Go (often referred to as golang) originated as an experiment by Google engineers Robert Griesemer, Rob Pike, and Ken Thompson to design a programming language that would resolve common criticisms of other languages while maintaining their positive characteristics. Go was conceived at Google in 2007.
The new language was to:
- be statically typed, to ease delivery
- be scale on large systems
- be productive and readable, with few keywords, “light on the page” like dynamic languages
- include strong developer tooling
- be platform independent supporting Linux, windows, and Mac OS X (amd64, 386, and arm)
- be cloud and networking ready
- leverage multi-core multiprocessors
- be free and open source (FOSS)
- be fast (rivaling C and C++)
Go is recognizably in the tradition of C, but makes many changes to improve conciseness, simplicity, and safety.
Two things are most impressive about Go: compiling to static binaries, and concurrent processing.
Static binaries are easy to deploy, and maintain. Applications written in .Net, Ruby, Python, or PHP have versioning incompatibilities and package requirements that, when unmet, can be frustrating. Statically bound binaries in Go run without any external dependencies.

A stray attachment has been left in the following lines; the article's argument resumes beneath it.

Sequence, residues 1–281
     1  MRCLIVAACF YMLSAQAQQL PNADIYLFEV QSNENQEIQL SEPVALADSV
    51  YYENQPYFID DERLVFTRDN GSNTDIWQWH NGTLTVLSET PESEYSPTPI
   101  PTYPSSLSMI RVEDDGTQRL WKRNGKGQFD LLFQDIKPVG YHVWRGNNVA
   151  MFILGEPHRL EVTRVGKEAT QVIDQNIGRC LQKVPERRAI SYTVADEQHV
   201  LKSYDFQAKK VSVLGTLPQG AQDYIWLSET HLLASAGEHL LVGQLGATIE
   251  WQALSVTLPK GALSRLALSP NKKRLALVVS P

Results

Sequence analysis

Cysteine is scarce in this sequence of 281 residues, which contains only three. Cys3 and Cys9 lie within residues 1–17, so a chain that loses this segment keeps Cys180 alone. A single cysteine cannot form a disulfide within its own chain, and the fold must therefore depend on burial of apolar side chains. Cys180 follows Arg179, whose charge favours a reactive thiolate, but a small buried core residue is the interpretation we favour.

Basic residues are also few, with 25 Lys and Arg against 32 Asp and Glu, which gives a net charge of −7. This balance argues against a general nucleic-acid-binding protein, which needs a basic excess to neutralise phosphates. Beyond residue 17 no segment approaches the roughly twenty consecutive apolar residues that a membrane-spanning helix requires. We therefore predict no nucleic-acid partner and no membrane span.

Write “go” before any function in Go and it runs in a go routine, a lightweight thread managed by the Go runtime. Channels allow concurrent functions to share data by communicating.
Are there any companies using Go?
Surely, there are some notable companies using this relatively new language. Of course, Google uses the language for many of its projects – most of them confidential. Netflix currently uses go for two portions of their server architecture. Uber, the car sharing company uses go to handle high volumes of geofend-based queries. Strava uses go to serve maps for the world’s athletes. Dropbox has recently migrated some of their critical components from Python to Go. Other users of Go include Facebook, GitHub, and Intel.
Adoption of Go has steadily increased since its release. Today, Go popularity ranks 9% that of the most widely used language, java! In just a few years, go has entered the mainstream of computer languages.
DRC delivered its first golang component this year, and we’re excited to be using Go. Watch out for what comes next!
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